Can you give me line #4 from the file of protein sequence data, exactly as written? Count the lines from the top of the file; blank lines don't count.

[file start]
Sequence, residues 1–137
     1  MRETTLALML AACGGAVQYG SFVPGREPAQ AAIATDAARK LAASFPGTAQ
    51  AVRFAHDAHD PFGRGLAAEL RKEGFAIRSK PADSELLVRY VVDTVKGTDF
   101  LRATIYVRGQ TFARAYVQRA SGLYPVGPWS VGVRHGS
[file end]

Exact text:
   101  LRATIYVRGQ TFARAYVQRA SGLYPVGPWS VGVRHGS